Edited on February 4, 2020.
Being HIV positive was, fundamentally, a death sentence as late as the mid-90s. This insidious virus, which was first characterized in 1981, has become a global epidemic, devastating its victims by destroying and overwhelming their immune systems. Without intervention this leads to AIDS, or acquired immune deficiency syndrome, which leaves the body incapable of fighting disease. Today, roughly 36.9 million people are infected with HIV, primarily in Africa. There is, however, hope; antiretroviral therapy (ART) is being used to reduce the viral load in those who are HIV positive, bolstering their immune systems and reducing their chance of spreading the disease to, effectively, zero. This is not, however, a cure, and the virus remains within the genetic code of the victim for the rest of their lives. In order to finally put an end to this disease, researchers now strive for an HIV vaccine that would prevent its spread altogether.
How HIV works
HIV, or human immunodeficiency virus, is a retrovirus, which means it introduces its genetic code into the genome of healthy cells to support its replication. In particular, HIV is a lentivirus, a subset of retroviruses that are characterized by extended incubation periods. Not only does this make the virus difficult to detect, hindering direct treatment, but it also means that the host person can spread the disease for many months, if not years, before they are aware they are carrying it. Once past its dormancy stage, HIV begins to attack CD4 immune cells (T cells), severely weakening the victim’s ability to combat any illness. AIDS is the final stage of HIV; it is at this point that individuals typically succumb to complications from other opportunistic diseases. HIV cannot be extracted from the host DNA after integration, which is why current treatments seek to lower the concentration of virus in the patient’s body, improving their T cell count and diminishing their ability to pass the illness to others. An HIV vaccine would, meanwhile, prevent the initial infection from taking hold at all, whether during virus fusion or integration.
Electron microscopy and an HIV vaccine
One of the key benefits of cryo-electron microscopy (cryo-EM) is that it can observe samples in their native environment without isolation and purification. This is done by vitrifying (flash freezing) the species prior to analysis, immobilizing the biological structures with minimal damage. This is particularly useful in the pursuit of an HIV vaccine, as the most promising antibodies target the intricate interaction between the host membrane and the virus.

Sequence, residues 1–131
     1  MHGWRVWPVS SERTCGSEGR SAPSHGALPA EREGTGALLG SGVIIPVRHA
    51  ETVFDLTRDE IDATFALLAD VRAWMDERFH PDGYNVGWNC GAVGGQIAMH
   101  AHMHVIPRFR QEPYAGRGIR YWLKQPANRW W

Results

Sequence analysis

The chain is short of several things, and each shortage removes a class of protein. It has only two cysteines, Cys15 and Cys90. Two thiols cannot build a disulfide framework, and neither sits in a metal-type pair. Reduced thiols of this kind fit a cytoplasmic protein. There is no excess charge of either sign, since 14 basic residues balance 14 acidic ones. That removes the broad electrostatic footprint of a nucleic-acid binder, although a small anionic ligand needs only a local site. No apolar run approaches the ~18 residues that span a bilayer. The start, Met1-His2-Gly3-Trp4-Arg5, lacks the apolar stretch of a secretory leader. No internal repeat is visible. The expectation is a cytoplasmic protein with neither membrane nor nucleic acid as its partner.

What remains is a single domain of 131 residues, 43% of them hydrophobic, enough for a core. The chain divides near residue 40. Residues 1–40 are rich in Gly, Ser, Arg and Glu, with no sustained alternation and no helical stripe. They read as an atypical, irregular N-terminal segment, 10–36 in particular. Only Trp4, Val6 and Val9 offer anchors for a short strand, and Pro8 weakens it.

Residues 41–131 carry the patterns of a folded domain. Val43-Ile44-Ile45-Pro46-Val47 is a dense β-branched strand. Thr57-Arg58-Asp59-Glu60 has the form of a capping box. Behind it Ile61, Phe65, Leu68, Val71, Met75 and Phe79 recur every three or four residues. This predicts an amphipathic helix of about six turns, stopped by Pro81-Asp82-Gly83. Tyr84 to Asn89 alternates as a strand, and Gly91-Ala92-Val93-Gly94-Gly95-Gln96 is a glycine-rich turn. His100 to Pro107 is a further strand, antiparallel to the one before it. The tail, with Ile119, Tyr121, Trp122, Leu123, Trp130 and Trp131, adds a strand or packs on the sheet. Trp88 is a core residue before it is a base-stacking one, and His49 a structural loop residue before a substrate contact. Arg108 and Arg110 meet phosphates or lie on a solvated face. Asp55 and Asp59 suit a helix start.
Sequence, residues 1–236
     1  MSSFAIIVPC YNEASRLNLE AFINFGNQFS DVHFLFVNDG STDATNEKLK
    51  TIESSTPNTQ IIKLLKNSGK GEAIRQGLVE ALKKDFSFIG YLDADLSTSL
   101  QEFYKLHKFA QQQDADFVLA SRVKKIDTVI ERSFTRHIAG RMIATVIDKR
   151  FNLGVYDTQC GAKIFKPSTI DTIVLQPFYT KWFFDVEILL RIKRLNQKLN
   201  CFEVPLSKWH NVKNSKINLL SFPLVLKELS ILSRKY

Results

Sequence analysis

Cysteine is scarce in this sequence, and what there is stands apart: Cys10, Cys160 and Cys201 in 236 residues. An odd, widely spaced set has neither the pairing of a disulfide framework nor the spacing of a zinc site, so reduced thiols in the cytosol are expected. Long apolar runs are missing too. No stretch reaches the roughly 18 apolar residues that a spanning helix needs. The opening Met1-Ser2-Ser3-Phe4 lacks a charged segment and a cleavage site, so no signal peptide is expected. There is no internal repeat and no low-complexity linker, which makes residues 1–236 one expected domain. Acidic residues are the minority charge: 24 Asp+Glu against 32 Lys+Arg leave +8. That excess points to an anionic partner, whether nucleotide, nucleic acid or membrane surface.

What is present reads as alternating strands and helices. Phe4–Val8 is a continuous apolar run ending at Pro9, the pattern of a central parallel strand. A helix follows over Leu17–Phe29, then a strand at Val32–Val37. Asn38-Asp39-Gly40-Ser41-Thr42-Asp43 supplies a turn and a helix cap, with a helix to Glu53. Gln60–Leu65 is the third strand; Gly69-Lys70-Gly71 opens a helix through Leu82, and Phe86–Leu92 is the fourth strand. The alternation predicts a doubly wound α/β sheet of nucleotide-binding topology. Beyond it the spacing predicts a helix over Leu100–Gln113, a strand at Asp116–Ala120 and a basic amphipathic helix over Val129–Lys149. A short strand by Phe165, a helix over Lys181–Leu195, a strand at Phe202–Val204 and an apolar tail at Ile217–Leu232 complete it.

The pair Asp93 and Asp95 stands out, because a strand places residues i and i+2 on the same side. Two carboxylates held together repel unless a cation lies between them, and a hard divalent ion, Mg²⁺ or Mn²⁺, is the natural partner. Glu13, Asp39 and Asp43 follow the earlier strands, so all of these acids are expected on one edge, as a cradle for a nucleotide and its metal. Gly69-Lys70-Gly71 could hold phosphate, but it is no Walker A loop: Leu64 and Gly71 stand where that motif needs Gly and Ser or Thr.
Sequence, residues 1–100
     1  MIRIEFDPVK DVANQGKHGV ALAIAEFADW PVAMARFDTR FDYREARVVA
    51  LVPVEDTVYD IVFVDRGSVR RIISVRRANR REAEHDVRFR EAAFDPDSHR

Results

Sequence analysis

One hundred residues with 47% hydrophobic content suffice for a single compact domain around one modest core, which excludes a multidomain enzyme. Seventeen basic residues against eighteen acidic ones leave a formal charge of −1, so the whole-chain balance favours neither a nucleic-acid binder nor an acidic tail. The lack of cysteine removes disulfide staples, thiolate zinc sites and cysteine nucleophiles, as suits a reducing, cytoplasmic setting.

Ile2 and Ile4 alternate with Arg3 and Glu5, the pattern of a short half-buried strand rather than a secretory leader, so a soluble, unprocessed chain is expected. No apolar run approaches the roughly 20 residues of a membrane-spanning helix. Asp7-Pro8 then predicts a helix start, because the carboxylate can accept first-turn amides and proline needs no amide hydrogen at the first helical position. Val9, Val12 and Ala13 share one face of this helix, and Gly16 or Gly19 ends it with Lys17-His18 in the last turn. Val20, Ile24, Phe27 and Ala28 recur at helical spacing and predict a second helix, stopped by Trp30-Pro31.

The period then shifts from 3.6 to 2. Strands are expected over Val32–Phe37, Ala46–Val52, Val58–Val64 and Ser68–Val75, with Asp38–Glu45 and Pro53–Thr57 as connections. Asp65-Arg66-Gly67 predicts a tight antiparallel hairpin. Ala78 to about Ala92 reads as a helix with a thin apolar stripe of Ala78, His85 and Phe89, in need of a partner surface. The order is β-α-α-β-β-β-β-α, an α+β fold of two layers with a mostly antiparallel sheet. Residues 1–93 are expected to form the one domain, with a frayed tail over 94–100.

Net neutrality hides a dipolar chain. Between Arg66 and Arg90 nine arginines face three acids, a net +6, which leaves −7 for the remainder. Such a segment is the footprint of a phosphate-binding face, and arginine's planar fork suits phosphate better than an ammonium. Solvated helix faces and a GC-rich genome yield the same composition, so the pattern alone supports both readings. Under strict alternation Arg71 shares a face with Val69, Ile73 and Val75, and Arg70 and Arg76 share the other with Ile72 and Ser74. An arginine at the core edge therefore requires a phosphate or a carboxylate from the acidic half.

These structures, called broadly neutralizing antibodies (bNAb), recognize and block a wide range of HIV types and prevent them from entering the cell. They do so by binding to various recognition sites on the HIV virus envelope. A recent study from the Department of Integrative Structural and Computational Biology at Scripps Research Institute in California showcased the utility of cryo-EM in monitoring the attachment of antibodies to their binding sites. With these “snapshots” of antibody behavior, researchers can clearly determine what vaccine candidates are working on a molecular level. Not only that, but electron microscopy (EM) could allow more rapid comparison of cross-species vaccine efficiency, accelerating the viability and success of human trials. A recent paper from Harvard Medical School was even able to capture, in extensive detail, the different conformations of the bound and unbound HIV envelope glycoprotein (see below). As this molecule is believed to initiate the fusion of the virus to the host cell, targeted obstruction of this mechanism is of critical interest.
Structure of an HIV fusion protein complex with overlaid electron density map (clear outline). The location of the viral membrane is indicated in grey. Image generated based on the findings of Shaik et al. via the protein database (ID: 6MET), visualized by Chimera.
Another major avenue of research focuses on the incorporation of the virus into host DNA following virus attachment. This process is supported by the stable synaptic complex (SSC), which carries the virus DNA into the cell and then guides its integration. SSC tends to aggregate outside the cellular environment, meaning that the study of this structure through purification and crystallization is particularly difficult. Cryo-EM can circumvent these methods by imaging the SSC directly, once again leading targeted drug design.
HIV variants are highly structurally diverse, complicating the search for a broadly effective vaccine. The ways in which the virus and the host interact must be thoroughly scrutinized, in the native environment, in order to understand and iterate on potential drugs or antibodies. Cryo-EM provides an unparalleled look into these intricate mechanisms, driving research, development, and hope for an end to this devastating disease.
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Gabriella Kiss, PhD, is a Product Marketing Manager for Single Particle Workflow at Thermo Fisher Scientific.
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